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I ran the following code in a jupyter notebook cell

ndarrs=np.array(["1.2","1.5","1.6"], dtype=np.string_)

print(ndarrs.dtype)

It returned |S3 as shown below.

Can someone help me understand the meaning of this symbol?

Screenshot

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In Python 3, you shouldn't really specify the np.string_ dtype, as it is left there for backwards compatibility with Python 2. The S type you see using np.dtype is a map to the bytes_ type, a zero-terminated string buffer, which shouldn't be used.

The S just means string and the number gives the number of bytes.

In [1]: s = ""        # start with an empty string                                                                                                

In [2]: for i in range(5):    # make the string larger
            s += str(i) 
            a = np.array([s], dtype=np.string_) 
            print(f"{a}\t{a.dtype}") 
                                                                                                                       
    [b'0']  |S1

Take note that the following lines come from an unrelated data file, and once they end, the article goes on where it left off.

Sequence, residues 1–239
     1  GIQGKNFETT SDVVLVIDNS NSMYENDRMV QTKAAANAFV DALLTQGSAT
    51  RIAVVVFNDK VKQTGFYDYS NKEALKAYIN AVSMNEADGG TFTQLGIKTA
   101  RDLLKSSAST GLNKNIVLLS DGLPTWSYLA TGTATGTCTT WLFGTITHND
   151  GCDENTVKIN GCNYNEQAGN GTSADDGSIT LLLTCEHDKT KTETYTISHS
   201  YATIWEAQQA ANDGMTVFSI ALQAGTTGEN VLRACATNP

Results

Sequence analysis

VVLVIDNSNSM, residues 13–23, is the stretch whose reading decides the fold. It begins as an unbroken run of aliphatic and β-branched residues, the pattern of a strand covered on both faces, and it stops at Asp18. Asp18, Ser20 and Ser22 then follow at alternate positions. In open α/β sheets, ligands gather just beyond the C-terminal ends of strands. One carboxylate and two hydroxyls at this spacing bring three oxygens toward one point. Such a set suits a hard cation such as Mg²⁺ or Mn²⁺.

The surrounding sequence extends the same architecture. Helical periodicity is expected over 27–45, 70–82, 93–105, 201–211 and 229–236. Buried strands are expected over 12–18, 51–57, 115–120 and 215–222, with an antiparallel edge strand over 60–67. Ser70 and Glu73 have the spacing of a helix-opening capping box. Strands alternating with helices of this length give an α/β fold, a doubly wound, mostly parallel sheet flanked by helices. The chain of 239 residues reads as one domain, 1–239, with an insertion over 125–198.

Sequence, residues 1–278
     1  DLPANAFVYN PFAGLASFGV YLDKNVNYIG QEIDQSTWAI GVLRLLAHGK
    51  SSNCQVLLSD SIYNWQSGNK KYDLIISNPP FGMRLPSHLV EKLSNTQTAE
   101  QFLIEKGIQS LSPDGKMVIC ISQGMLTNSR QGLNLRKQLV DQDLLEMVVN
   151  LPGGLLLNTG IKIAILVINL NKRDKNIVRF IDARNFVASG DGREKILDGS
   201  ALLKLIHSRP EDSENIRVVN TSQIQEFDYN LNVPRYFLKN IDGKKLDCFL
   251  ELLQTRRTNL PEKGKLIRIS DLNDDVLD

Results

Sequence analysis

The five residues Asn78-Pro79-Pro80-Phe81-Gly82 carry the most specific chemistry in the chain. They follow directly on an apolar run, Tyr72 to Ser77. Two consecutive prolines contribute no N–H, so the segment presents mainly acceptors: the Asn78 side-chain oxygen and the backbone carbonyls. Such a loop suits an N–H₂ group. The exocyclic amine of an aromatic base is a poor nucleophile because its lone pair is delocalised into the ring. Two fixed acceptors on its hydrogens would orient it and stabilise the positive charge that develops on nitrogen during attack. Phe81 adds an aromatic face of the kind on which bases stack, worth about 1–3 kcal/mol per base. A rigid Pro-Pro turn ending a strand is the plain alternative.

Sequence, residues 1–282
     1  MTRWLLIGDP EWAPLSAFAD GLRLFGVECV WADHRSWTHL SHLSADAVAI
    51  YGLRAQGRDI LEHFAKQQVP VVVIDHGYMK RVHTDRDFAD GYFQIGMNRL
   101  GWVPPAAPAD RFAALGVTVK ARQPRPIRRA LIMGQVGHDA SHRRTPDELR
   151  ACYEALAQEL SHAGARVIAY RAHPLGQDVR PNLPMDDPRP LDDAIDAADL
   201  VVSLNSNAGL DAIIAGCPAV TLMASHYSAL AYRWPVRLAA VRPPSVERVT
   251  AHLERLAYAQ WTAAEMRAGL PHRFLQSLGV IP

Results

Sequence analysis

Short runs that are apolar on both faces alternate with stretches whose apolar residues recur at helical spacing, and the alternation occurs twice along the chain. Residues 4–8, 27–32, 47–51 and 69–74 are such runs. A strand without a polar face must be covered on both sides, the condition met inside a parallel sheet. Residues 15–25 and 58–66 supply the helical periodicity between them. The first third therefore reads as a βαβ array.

[b'01'] |S2
    [b'012']    |S3
    [b'0123']   |S4
    [b'01234']  |S5
    [b'012345'] |S6

For python 3 you should instead use np.unicode:

In [1]: a = np.array(["hello", "world"], dtype=np.unicode)                                                             

In [2]: type(a)                                                                                                       
Out[2]: numpy.ndarray

In [3]: b.dtype                                                                                                       
Out[3]: dtype('<U5')
  • < means little-endian
  • U means a unicode string
  • 5 relates to the number of bytes used to hold the string. If you had really long strings, that number would then increase.

Have a look at this documentation, which states:

Note on string types:

For backward compatibility with Python 2 the S and a typestrings remain zero-terminated bytes and np.string_ continues to map to np.bytes_. To use actual strings in Python 3 use U or np.unicode_.

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  • $\begingroup$ Thanks that was really useful !!! $\endgroup$ – user582621 Apr 16 at 12:12

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